Edinburgh scientists to zero in on important cause of dementia

Posted on 14th March 2016

University of Edinburgh researchers have started work on a pioneering project to unravel the biological causes of dementia with Lewy bodies (DLB) – a disease affecting over 100,000 people in the UK.

The three-year PhD project has been made possible thanks to nearly £90,000 of funding from Alzheimer’s Research UK, the country’s leading dementia research charity.

The Lewy bodies that give the disease its name are round clumps of protein that build up within nerve cells in the brain, interfering with the way they communicate with one another. This interference is what causes the symptoms of the disease which can include memory problems, hallucinations, changes in attention, and Parkinson’s disease-type movement problems. As with all forms of dementia, these symptoms take a huge toll on people’s lives, becoming progressively worse until the person affected struggles with all aspects of day-to-day life and needs round-the-clock support.

Prof Kathryn Ball and her student, Catrina Dias, together with their colleague Dr Tilo Kunath, will use cutting-edge stem cell techniques to grow human nerve cells in a dish and recreate key processes happening inside the brains of people with DLB. They aim to find out how a protein called CHIP could be influencing formation of the harmful Lewy bodies and how this could point researchers in the direction of potential new treatments for the disease.

Prof Ball said:

“We still don’t know why some people develop the protein clumps that cause DLB while others don’t. Research in mice has shown that the CHIP protein might normally tag the harmful protein that forms Lewy bodies, triggering the body to dispose of it. It may be that if CHIP isn’t working as it should, the harmful protein doesn’t get tagged and Lewy body proteins start to build up. We plan to investigate this by studying human nerve cells that we will grow from skin cells donated by people living with dementia.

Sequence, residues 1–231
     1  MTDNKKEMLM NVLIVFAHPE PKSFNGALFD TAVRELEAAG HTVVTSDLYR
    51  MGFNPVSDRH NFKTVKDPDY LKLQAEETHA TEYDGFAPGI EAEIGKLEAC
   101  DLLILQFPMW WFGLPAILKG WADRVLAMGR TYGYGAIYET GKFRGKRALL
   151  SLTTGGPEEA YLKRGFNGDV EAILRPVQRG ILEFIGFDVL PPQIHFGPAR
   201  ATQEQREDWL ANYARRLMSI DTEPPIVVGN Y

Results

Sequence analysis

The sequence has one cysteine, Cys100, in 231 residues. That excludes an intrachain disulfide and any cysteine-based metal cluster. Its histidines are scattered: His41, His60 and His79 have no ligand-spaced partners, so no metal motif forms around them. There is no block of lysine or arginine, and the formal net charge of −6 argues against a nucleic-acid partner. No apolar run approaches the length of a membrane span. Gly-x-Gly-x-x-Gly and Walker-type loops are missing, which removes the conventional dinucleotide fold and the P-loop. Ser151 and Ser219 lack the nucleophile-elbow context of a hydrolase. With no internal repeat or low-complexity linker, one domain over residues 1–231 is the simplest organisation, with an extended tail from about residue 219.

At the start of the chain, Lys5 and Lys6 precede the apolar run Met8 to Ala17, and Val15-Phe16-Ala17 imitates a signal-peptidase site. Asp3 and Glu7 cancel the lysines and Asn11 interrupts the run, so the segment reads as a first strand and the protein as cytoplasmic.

“Understanding the biological processes underlying DLB is crucial for finding new ways of helping people living with the disease. Current treatments for DLB are very limited and there are no treatments that can stop or slow the spread of the disease through the brain. We urgently need a treatment like this to offer hope to thousands of people with DLB as well as their friends and loved ones whose lives can also be turned upside-down by the condition.”

Dr Rosa Sancho of Alzheimer’s Research UK said:

“Not only will this project zero in on a key process involved in DLB, it is also pioneering powerful experimental techniques and, by supporting a PhD studentship, starting another scientist on a career path in dementia research. There are six times as many scientists working on cancer as dementia and with dementia affecting 850,000 people in the UK – 6000 of whom are living in Edinburgh – It is vital we build research capacity to tackle this problem head on.

“Alzheimer’s Research UK is only able to fund cutting edge projects like this one thanks to the generosity and hard work of our supporters. It is thanks to them that researchers in Edinburgh and across the country are driving progress towards a better understanding of diseases like DLB and how to tackle them effectively.”

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